The second post office was the Robinson Post Office, located on the other side of the Douglas Creek, for the convenience of those who lived in that area. This post office was operated by Mrs. Frederickson.

Around 1907, the Emmet Post Office replaced the Roney Post Office, and some time later the Robinson Post Office ws also disbanded. The Emmet Post Office and store were then located just across the road from the homesteaders, Mr. and Mrs. Joe Duchane, where Mr. and Mrs. Leo Beattie were living in 1967. Leo was the son of R.L. Beattie who, along with Fred Carvel, were the first to operate the new Emmet Post Office and grocery store. Later on, Mrs. Lena House took over and, in the late 1920s and early 1930s, the Post Mistress was Helen Johnson, the wife of Lytle Johnson and daughter of Mr. and Mrs. John Albrecht, who also homesteaded near there around 1902.

The store was discontinued around 1920. Most people had cars by then, and traveled to Garrison to do their shopping.

In 1934, Mrs. O.D. Korstad became the Post Mistress, having the post office in her home, just one mile south of the original site. In 1938, A.F. Olson (Hack Olson) took over the post office, with his wife, Dorothy, assisting. They again attached a small grocery store to the post office, at the same location it was at in 1967. Hack Olson passed away in 1950, and his wife carried on for a couple of years, and was assisted in the Post Office by Mrs. Joe OShea.

In 1952, Louis Brindy and his wife, Aldine, came to Emmet Township from Minot, and took over the Emmet Store and Post Office until they moved to Minneapolis in 1960 to become Director of the Personnel Division in the Regional Postal Department.

Gerhard Korstad became the store manager, while his wife, Alma, became the Post Mistress until 1963, when Reid Hill became Post Master for three years. After his resignation, Alma Korstad was installed as acting Post Mistress, a position she still held in 1967, when the Golden Jubilee book was published.

Schools

The educational system in Emmet Township was known as the Hacket School District, which once extended to the border of the Missouri River. For a number years, there were five schools in the Hacket School District, some of which were relocated several times in order to accommodate changes in the township's population.

In the early years, most of the school buildings were very small, and were heated by small coal-burning stoves. Because of the severity of the weather, many of these schools were in session only in the fall and spring. The coal that was used to heat the schools was mined in the southeastern and south-central portion of Emmet Township, which was a hilly region. At first, farmers mined their own coal, but later the Burns and Wretling Coal Mine began operations there, one mile east and one mile south of the Emmet Post Office.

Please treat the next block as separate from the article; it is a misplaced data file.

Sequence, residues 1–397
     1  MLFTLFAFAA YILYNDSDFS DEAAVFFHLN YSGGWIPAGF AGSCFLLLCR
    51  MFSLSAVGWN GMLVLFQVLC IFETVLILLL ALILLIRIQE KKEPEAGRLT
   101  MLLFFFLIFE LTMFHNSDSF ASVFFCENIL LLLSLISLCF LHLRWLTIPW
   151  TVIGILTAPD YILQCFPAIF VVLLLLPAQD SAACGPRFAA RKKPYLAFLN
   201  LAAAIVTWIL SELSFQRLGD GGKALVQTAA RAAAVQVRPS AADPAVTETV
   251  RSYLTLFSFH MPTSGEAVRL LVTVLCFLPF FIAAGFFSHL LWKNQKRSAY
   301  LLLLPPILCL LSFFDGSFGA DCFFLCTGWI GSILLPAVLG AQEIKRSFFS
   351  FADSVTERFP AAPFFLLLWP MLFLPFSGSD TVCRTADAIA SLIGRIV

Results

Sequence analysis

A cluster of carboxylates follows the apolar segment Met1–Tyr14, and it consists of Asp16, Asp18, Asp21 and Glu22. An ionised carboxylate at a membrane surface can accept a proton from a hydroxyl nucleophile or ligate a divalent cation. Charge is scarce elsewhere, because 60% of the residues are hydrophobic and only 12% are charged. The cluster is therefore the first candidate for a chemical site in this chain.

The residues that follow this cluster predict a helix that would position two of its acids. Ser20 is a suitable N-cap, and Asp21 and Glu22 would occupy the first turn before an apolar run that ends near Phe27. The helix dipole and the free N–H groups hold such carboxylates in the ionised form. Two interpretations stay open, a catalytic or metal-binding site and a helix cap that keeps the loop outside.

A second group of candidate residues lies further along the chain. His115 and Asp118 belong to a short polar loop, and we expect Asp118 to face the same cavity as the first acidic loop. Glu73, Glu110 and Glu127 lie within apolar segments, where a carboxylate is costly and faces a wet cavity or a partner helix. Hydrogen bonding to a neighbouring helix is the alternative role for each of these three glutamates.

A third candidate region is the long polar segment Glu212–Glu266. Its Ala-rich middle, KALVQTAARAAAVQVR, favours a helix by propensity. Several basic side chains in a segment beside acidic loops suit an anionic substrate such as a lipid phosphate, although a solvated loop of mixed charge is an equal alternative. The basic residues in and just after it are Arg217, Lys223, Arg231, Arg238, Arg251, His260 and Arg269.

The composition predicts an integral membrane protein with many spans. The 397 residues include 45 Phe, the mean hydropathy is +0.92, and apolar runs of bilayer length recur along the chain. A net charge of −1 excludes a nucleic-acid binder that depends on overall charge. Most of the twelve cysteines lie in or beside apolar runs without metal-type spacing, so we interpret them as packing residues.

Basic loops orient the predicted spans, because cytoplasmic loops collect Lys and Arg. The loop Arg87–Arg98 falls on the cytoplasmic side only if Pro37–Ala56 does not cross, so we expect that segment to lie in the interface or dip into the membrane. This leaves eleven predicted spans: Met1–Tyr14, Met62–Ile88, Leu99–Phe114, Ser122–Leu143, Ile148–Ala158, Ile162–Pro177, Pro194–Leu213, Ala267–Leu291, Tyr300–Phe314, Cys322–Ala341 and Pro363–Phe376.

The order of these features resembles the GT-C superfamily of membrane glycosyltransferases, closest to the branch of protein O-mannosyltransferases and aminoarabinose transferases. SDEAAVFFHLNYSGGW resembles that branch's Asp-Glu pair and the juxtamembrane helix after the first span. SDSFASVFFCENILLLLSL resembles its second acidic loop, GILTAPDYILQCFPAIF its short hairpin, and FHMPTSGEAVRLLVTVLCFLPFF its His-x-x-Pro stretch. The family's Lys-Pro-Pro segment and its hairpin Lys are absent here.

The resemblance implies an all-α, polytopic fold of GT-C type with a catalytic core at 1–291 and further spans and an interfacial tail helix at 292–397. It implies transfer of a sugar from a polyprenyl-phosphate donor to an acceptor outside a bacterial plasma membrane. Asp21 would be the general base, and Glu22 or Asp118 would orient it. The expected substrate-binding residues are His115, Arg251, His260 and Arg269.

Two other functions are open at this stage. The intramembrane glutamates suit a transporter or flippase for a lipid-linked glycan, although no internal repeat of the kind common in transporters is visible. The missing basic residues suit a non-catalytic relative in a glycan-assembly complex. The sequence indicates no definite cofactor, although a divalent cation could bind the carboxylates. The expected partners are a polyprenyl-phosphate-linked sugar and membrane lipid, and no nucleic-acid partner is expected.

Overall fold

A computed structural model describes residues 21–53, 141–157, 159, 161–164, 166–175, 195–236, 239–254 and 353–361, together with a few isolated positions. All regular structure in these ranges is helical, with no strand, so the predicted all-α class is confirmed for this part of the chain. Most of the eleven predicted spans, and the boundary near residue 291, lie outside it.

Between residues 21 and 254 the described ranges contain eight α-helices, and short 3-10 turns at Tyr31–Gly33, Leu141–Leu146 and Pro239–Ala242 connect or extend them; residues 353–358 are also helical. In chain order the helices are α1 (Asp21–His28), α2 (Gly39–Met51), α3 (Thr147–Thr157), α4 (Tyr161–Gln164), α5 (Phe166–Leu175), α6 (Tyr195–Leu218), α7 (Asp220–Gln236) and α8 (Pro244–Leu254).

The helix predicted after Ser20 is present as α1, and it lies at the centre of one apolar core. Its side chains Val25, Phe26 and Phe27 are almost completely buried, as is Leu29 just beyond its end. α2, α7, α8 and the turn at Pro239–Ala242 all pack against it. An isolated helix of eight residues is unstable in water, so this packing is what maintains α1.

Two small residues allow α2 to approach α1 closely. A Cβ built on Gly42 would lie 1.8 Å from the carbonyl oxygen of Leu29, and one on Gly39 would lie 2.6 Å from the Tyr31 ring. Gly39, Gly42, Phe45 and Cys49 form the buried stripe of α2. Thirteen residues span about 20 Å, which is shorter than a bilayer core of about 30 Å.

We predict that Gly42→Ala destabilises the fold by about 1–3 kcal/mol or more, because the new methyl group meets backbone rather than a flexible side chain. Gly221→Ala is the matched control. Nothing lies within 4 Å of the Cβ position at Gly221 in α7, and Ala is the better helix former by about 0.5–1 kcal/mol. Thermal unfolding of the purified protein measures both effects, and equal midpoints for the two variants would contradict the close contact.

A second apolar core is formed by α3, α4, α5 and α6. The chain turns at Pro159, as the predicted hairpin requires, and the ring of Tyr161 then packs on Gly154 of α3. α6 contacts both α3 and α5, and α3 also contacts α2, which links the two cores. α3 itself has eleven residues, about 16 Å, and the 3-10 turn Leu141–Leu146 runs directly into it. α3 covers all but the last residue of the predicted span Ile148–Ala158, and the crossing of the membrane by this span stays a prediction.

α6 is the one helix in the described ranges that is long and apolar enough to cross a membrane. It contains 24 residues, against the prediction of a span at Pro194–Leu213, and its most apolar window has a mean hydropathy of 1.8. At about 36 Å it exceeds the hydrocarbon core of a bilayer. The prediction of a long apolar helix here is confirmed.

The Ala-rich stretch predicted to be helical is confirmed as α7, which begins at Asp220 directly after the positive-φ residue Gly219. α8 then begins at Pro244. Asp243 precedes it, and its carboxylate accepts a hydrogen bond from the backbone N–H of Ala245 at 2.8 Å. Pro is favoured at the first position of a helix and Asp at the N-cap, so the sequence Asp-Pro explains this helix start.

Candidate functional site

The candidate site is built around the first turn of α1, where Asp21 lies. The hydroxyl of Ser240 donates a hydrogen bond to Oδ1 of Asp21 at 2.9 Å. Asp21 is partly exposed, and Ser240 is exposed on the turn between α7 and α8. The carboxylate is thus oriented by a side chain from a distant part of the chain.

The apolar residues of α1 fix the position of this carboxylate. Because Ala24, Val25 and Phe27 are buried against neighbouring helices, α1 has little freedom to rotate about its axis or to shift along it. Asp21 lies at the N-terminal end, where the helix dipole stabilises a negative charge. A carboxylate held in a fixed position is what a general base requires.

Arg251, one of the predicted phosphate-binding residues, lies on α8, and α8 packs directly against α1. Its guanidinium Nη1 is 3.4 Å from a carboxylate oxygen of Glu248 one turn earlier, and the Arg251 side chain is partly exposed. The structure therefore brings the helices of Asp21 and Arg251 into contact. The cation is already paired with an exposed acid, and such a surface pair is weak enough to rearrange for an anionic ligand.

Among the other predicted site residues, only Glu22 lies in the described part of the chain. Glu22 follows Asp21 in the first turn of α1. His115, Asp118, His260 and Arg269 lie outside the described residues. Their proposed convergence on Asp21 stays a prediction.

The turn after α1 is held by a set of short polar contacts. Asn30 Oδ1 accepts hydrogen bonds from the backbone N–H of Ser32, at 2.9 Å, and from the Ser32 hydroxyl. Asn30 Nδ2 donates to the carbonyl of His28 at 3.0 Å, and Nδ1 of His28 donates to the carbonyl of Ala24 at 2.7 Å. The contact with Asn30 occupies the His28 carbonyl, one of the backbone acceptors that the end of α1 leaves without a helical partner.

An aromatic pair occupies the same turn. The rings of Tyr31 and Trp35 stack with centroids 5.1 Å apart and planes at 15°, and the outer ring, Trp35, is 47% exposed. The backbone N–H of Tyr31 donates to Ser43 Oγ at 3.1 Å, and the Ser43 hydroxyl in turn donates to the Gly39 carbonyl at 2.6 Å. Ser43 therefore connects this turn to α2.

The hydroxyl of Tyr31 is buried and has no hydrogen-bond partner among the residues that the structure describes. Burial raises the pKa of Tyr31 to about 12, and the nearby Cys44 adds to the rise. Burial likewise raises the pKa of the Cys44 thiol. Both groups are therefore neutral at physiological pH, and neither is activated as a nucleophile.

As time went on, some of the smaller schools were closed, and the remaining school buildings were improved with automatic (electric) furnaces, as Rural Electrification reached the township in 1949.

In time, new homes were built within the township, and modern conveniences were installed. Having only two school by that time, it became necessary to transport students by bus, sometimes at great distances.

In 1958, the Hacket School District consolidated with the Garrison School District, and Emmet Township students were transported by bus to Garrison. The last of the schools in Emmet Township were closed.

Recreation

In the early days, social and recreational activities were held in both schools and homes. During the summer months, picnics were held at Smokers Coulee just north of the Missouri River, and about five miles south of Emmet.

About 1915, Albert Urdahl furnished the community with a large building, built on land that was owned by William Kastner in 1967. The Urdahl Hall was used for several years for programs, dances, and other events, sometimes with music furnished by local talent.

Churches

In the first years that homesteaders lived in Emmet Township, religious services were held in homes. In 1903, the Reverend Frank Peterson homesteaded two miles south and one mile west of where the Emmet Post Office was in 1967. He was the local Methodist minister for many years.

In 1908, a church building was built on his land. In those days, candles were used to decorate Christmas trees. Following one of the Christmas programs at the church, Santa's cotton beard, and also the tree, caught fire and created quite a commotion. The fire was quickly extinguished, however, so little damage was done. In later years, it became difficult to obtain a pastor for that church so it disbanded in 1945.

Pioneers of the Catholic faith attended services at the Blackwater church.

The Norwegian Lutherans organized a church in the early years. They met in home until 1925, when they built a church in the Romsas Township, just two miles north of Emmet. In 1958, that church was moved just across the road from the Emmet Post Office; remodeled, it became the St. Peter Lutheran Church. In 1967, two charter members of that church were still living: Mr. and Mrs. Konrad Iverson.